Nintendo 3DS: What’s The Hype About?

Posted on June 19, 2010


Nintendo recently left a long-lasting impression on this past week’s E3 conference with it’s stunning new addition to the popular DS lineup: the Nintendo 3DS. You may have heard about this amazing system already, and I don’t blame you. Hype over this console has been spreading like wildfire through the internet, and it’s sparking even more interest in the new world of 3D entertainment. But what is the story behind the hype? What is driving the magic inside the new system?

Well, you’ve probably already figured out that this handheld is 3D capable, and that seems to be the main marketing point of the system. But what powers the 3DS? How does this amazing “glasses free” experience work? Well, the 3DS uses complex auto-stereoscopic technology to allow the viewer to percieve images in 3D without the need for special glasses. This technology is still in it’s early stages, although more TV and computer companies are doing extensive research and testing on it.  So, how does it work? Many different companies are using one of two different solutions for this common problem: Parallax barriers and Lenticular Lenses. The 3DS uses both. A lenticular lens is basically an array of small magnifying glasses, which magnify certain parts of the screen, depending on which angle you view the image at. This gives the illusion of depth in an image, when really you are still looking at a flat surface. A parallax barrier is a complex liquid-crystal display that allows the display of 3D images without glasses, using a layer of material with precision slits, which allows each eye to see a different set of pixels, which creates a sense of depth through parallax. A disadvantage of this technology is that the viewer needs to be positioned at just the right spot in order for them to see an optimal image, however steps are being taken to eliminate this, such as adding multiple “sweet spots” to the monitor. The 3DS combats it by adding elements from both lenticular lenses and parallax barriers.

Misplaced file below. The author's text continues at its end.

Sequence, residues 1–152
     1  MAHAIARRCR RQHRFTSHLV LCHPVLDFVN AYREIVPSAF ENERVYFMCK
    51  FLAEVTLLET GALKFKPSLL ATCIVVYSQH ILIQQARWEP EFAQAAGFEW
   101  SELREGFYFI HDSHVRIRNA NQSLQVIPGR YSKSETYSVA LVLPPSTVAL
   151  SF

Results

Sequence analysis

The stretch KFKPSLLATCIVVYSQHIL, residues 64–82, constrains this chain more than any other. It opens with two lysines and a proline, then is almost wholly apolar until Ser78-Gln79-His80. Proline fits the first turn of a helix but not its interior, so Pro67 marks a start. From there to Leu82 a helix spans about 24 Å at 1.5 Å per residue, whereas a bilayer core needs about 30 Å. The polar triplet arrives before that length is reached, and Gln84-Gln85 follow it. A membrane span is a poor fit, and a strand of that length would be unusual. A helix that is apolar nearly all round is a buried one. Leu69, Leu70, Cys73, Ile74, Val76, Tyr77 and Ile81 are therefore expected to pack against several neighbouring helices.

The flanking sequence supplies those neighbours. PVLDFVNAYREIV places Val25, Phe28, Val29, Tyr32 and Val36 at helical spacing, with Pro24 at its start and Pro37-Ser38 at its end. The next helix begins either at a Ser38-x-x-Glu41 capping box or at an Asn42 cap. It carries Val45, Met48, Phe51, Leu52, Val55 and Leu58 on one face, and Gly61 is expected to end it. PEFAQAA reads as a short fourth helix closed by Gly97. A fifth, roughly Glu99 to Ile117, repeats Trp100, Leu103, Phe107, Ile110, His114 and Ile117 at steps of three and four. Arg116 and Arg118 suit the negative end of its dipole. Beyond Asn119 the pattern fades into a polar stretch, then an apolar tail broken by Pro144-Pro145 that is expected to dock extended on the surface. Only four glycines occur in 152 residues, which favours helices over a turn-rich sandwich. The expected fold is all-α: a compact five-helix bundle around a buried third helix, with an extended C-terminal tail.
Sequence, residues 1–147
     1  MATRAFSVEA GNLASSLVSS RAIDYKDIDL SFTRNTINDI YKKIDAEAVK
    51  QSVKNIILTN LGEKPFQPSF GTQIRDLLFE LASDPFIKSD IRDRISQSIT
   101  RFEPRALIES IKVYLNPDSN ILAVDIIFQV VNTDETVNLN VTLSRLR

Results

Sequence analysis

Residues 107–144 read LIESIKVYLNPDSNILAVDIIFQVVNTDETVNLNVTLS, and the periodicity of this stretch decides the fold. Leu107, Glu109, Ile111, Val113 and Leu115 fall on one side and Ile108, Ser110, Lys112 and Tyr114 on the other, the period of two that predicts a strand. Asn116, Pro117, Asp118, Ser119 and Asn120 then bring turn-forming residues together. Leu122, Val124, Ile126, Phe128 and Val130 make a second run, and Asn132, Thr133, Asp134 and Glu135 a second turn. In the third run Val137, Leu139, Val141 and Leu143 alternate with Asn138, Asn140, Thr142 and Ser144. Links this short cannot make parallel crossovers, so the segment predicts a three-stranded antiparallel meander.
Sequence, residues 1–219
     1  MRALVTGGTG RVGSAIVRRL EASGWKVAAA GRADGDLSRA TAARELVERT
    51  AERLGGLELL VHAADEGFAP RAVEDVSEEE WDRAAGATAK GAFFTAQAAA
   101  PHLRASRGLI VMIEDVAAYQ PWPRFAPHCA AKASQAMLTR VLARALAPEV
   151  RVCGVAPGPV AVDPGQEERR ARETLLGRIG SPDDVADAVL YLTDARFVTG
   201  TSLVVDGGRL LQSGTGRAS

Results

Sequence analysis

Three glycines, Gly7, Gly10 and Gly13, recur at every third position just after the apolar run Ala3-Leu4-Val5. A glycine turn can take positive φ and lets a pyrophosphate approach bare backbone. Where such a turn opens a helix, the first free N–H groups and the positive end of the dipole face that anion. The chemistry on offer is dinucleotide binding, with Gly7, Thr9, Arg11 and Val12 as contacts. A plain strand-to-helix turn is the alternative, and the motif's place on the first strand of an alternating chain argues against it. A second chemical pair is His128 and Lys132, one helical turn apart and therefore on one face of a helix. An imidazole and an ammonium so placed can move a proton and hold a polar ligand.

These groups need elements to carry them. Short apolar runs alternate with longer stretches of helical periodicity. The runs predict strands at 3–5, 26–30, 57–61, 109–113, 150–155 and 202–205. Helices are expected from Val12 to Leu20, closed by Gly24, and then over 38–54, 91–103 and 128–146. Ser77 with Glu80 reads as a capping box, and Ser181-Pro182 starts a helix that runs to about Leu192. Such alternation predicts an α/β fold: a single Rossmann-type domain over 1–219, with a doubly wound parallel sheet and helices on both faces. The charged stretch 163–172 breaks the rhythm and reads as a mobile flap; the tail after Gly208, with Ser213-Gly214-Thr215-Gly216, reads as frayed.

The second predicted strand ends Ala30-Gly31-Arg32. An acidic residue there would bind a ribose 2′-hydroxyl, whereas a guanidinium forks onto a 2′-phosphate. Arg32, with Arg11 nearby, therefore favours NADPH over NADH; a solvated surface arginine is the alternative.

So what powers this system? The new Nvidia Tegra multiprocessor, of course. This powerful processor is defined by Nvidia (owned by AMD) as a “computer on a chip”, and is used in a number of devices including Microsoft’s Zune HD. It integrates the ARM architecture, CPU, GPU, and memory controller into a single chip, making it incredibly efficient. It is comparable to Apple’s powerful A4 chip,which is used in it’s popular hand-held devices, the iPhone 4, and iPad.

In addition to the new processor, the 3DS is reported to weigh in at 230 grams (a 6% increase from the DS lite) and measure 130x74x20 mm, which is 10% smaller than the DS Lite. The screen sizes have changed, too. The top one is 3.53 inches, as opposed to the DS lite’s 3.12 inches. However, the bottom screen is a smaller 3.02 inches, similar in size to the screens of the original DS.

The new system also features several things never before seen in a DS, like a gyroscope and accelerometer. Both of which are reported to enhance the 3D experience. The 3DS has two 0.3 megapixel cameras on the outside of the unit that are capable of taking 3D images. It also has a third camera in the inside of the unit, facing the player. It still takes 2D images. The system can also record an play back 3D movies, using the cameras. The 3DS will be compatible with all existing DS lite and DSi games, as well as a new generation of 3DS games, such as Mario Kart 3DS.

The 3DS is reported to come out sometime near the fiscal end of 2010, which is sometime before April 2011. Prices are yet to be announced.


E3 Expo 2010 –

Nintendo 3DS (Wikipedia) –

Nvidia Tegra (Wikipedia) –

Stereoscopy (Wikipedia) – –,review-1490.html

Autostereoscopy (Wikipedia) –

Lenticular lens (Wikipedia) –

Parallax barrier (Wikipedia) –

Image courtesy of –

Posted in: Gaming, Nintendo